ASP.NET 3.5

The primary features introduced by ASP.NET 3.5 include support for Asynchronous Java and XML (AJAX)-style programming and support for Windows Communication Foundation (WCF). In addition, the support for ASP.NET within Visual Studio has increased dramatically. The designer has improved significantly, and Visual Studio includes new templates for generating AJAX and WCF applications.

How browsers understand ASP.NET web pages?

There are several technologies exist to develop dynamic web sites and pages. Some of them are ASP, ASP.NET, and PHP etc.

Whatever technology you use to develop the dynamic web pages, a standard browser should be able to display the page to the visitors.

How browsers understand ASP.NET or PHP pages?

If visit any web site, no matter what technology is used to develop the site, your browser will be able to display the page for you.

The only thing a browser can understand is “HTML”. It does not know ASP.NET or PHP. So, even if your web site is developed using ASP.NET, still your browser can understand only HTML.

This is how it works:

You type a URL in your browser.

(Eg: http://www.aspsamples.com/tutorials/Tutorials.aspx?TutorialId=61)

Your browser will compose a request for this page and send to the web server in internet.
The web server analyzes the request and it understands that the request is for an ASP.NET page called “Tutorials.aspx”. So, the web servers hand over the request to the aspnet service running as part of the web server. (If the page is a .php file, then there must be a php service running on the webserver).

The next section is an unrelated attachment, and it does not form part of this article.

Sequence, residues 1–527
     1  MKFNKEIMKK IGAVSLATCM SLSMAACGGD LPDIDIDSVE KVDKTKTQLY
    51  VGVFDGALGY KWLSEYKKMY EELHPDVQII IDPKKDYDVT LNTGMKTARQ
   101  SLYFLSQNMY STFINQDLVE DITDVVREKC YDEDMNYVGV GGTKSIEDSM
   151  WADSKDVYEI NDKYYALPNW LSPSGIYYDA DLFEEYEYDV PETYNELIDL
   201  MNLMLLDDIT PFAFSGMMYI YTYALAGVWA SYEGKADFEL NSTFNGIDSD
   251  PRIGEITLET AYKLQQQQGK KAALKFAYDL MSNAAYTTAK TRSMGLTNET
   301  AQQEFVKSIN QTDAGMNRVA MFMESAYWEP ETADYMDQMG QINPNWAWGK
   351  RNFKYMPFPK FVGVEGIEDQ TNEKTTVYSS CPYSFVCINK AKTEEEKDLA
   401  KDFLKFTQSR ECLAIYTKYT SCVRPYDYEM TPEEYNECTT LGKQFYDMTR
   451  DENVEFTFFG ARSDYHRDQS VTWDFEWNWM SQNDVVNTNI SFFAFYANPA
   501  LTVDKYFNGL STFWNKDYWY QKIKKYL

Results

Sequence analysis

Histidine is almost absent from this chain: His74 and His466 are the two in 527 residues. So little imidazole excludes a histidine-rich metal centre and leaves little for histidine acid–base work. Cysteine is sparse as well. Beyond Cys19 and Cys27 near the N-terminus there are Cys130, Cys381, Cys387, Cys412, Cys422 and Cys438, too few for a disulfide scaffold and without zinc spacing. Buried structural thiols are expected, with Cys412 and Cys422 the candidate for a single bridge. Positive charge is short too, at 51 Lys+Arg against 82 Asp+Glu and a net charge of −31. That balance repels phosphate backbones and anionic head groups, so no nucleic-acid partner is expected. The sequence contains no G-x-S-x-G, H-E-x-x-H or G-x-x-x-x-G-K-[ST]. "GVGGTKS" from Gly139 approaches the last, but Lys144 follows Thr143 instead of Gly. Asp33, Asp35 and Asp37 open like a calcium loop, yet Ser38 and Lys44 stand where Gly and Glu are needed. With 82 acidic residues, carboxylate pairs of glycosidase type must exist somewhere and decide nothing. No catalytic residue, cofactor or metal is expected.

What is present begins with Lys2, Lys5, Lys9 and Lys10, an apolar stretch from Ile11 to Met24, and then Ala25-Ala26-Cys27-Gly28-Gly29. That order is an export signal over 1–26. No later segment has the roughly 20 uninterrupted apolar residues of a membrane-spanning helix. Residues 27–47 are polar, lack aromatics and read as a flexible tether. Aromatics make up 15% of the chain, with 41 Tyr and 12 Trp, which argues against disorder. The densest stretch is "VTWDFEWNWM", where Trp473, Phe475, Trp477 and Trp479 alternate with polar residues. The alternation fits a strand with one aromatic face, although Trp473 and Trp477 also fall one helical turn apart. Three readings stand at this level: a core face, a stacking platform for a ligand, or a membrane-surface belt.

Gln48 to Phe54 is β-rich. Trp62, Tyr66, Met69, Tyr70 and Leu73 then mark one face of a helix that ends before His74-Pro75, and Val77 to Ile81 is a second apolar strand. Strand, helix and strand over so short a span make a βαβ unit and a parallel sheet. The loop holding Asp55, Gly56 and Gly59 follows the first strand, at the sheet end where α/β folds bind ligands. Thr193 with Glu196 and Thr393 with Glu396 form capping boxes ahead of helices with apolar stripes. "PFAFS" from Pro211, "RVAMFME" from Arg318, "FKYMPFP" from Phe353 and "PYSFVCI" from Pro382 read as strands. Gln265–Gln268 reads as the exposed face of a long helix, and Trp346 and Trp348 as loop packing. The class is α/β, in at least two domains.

The aspnet service loads the page “Tutorials.aspx”. Inside this page, we have written code to read the TutorialId passed as a parameter (parameters are called “Query String”). Our code gets this tutorial id and then retrieves the corresponding content from the database. Then our code embeds this content into the page and returns the dynamically modified page content to the web server.

Web server returns the dynamically generated page to the browser. This dynamically generated page has only HTML in it, even though this html came from database.

When the browser receives the page, it has only HTML. So, as far as a browser is concerned, it does not care what type of web site it is. It can be any technology like ASP.NET or PHP. It is the responsibility of the web server to generate dynamic content from database or wherever and give only HTML page content to the browser.